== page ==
A.5 
Seeding Rounds 



In order to properly seed the system, some initial rounds, called seeding rounds,are paired following the rules of the FIDE (Dutch) System (see C.04.3). The number of seeding rounds is equal to half the number of rounds in the tournament (rounded down) or 4 (four), whichever is lower. 


A.6 
Opposition Evaluation 



During the pairing process, the players in a bracket need to be sorted (see B.0.e, E.0, E.4, or section D), by applying some or all of the methods defined here, as directed by article A.7.a. 



a. 
Sorting Methods 




1. 
Buchholz 





It is the sum of the (current) scores of the opponents the player met. 




2. 
SonnebornBerger 





It is the sum of the products given by the points the player earned against each opponent times the (current) scores of that opponent.




b. 
Common Rules 




1. 
Unplayed games 





If a player does not play in a round, the round shall be considered as one in which that player played against himself getting the result (win, draw, loss) that yields the same number of points as registered for the standings (and the future pairings). Exception: if a player has a series of consecutive zeropointbyes up to the current round, each of the ones gathered in previous rounds, for the benefit of the player’s actual overtheboard opponents, is considered as a draw. 




2. 
Acceleration methods 





If virtual points are used (e.g. with the Baku Acceleration Method – see C.04.5.1), such virtual points shall be excluded from the computation of any method. 


A.7 
Ranking Order 



After the seeding rounds (see A.5), for pairings purposes only, the players in a bracket are ranked in order of, respectively:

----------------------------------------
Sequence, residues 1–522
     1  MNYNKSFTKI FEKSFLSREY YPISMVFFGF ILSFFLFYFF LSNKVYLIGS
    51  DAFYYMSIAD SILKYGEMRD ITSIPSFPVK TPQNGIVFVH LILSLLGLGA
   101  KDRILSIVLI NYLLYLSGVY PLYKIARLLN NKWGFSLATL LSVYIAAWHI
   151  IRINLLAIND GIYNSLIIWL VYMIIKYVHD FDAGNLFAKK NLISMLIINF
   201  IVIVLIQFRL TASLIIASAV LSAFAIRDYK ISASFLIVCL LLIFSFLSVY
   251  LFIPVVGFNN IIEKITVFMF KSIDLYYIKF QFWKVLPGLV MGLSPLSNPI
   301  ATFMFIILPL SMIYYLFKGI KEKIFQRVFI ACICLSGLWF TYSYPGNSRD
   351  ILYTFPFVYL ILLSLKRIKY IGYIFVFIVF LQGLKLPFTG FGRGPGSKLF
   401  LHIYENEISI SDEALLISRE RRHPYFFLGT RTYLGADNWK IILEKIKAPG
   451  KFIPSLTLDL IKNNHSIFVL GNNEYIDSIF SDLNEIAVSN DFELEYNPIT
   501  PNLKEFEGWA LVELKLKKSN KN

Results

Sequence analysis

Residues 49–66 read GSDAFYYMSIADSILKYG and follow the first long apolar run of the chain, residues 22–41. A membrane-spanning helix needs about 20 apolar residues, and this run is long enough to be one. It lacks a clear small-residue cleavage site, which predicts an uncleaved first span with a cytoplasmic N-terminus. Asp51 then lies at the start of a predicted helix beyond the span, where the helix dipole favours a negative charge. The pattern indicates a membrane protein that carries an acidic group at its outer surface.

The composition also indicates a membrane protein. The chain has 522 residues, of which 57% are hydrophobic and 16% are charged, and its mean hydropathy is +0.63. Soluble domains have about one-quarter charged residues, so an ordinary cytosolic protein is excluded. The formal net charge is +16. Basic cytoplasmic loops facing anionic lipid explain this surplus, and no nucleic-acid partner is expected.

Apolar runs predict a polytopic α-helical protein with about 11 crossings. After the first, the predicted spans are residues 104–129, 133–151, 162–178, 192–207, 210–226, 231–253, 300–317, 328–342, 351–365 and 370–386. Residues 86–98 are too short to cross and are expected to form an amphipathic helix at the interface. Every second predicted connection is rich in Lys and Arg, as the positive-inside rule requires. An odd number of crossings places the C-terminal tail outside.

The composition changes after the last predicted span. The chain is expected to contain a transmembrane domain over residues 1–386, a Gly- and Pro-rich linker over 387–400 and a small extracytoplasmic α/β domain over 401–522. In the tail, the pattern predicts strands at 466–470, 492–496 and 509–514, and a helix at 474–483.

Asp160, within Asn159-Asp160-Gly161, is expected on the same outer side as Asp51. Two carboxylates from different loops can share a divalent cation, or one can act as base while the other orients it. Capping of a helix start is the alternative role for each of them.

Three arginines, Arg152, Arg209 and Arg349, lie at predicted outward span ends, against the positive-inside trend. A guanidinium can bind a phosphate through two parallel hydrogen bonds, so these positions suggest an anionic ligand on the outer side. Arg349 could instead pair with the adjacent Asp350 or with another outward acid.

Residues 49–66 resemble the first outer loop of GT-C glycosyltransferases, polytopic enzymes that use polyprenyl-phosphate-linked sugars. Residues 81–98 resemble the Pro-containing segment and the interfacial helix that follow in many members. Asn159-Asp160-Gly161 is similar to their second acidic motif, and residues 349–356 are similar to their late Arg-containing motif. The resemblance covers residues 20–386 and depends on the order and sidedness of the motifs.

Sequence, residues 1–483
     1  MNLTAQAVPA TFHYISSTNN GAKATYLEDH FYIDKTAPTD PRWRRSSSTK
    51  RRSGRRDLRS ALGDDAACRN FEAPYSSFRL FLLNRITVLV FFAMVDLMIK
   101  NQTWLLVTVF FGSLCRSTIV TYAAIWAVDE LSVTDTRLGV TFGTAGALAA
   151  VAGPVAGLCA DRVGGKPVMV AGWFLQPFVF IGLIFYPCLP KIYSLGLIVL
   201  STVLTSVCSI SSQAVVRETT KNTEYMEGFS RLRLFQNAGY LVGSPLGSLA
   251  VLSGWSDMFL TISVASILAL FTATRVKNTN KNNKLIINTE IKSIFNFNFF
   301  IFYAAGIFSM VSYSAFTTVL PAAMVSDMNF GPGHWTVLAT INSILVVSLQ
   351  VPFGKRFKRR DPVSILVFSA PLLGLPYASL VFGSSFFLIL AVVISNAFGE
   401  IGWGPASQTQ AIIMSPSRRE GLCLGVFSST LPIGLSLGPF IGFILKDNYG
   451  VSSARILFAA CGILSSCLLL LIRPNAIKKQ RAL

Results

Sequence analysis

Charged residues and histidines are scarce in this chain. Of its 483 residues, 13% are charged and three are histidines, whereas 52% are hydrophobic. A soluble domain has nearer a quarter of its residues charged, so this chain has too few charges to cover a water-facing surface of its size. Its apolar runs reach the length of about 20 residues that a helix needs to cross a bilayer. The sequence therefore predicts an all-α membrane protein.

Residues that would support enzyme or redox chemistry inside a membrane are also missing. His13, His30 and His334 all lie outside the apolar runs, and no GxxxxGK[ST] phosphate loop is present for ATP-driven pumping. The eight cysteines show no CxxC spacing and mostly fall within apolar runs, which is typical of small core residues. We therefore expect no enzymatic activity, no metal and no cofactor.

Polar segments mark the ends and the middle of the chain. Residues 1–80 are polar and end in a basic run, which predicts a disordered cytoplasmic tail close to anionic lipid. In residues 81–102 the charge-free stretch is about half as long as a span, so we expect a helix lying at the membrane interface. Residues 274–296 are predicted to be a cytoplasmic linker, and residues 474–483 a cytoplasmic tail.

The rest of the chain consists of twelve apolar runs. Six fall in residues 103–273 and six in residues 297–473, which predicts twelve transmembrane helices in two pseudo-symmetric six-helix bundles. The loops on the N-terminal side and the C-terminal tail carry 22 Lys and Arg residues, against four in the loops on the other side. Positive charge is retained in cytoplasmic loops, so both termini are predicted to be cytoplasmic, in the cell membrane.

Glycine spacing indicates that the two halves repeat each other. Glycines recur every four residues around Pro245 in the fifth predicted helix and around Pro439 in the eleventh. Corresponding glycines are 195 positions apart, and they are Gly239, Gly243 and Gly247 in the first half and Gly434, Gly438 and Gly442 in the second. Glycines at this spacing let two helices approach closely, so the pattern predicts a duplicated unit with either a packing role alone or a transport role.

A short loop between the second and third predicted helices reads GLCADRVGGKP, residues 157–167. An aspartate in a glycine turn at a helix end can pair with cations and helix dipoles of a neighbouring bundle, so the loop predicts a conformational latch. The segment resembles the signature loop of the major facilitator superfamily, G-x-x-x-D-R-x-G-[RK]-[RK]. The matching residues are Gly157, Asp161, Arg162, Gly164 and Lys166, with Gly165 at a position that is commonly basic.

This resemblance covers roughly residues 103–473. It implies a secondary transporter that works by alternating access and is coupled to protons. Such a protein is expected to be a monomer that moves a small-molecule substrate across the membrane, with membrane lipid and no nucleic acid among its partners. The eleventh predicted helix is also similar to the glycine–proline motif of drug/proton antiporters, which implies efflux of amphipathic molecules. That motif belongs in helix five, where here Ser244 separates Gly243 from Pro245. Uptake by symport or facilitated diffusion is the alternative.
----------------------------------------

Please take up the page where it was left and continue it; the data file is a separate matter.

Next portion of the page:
a 
(Opposition Evaluation) Index, which is a sequence of the methods seen in A.6.a, to be applied in the following order (any subsequent method is used when preceding method(s) yield equal values): 








b 
pairing numbers assigned to the players according to the initial ranking list (see A.1) and subsequent modifications depending on possible late entries or rating adjustments. 






A.8 
RoundPairing Outlook 



The pairing of a round (called round‑pairing) is complete if all the players (except at most one, who receives the pairing‑allocated bye) have been paired and the absolute criteria C1C3 have been complied with. The pairing process starts with the assignment of the pairingallocatedbye (see B.0) and continues by pairing the top scoregroup, and then bracket by bracket until all the scoregroups, in descending order, have been used and the round‑pairing is complete. If it is impossible to complete a round‑pairing, the arbiter shall decide what to do. 



Section B describes the pairing procedures. Section C defines all the criteria that the pairing of a bracket has to satisfy (in order of priority). Section E defines the colour allocation rules that determine which players will play with White. 



B. 
Pairing Procedures 


PairingAllocatedBye assignment 


B.0 
The pairingallocatedbye is assigned to the player who: 



a. 
has neither received a pairingallocatedbye, nor scored a forfeit win in the previous rounds (see C.2) 



b. 
allows a complete pairing of all the remaining players (see C.4) 



c. 
has the lowest score 



d. 
has played the highest number of games 



e. 
occupies the lowest ranking (according to A.7)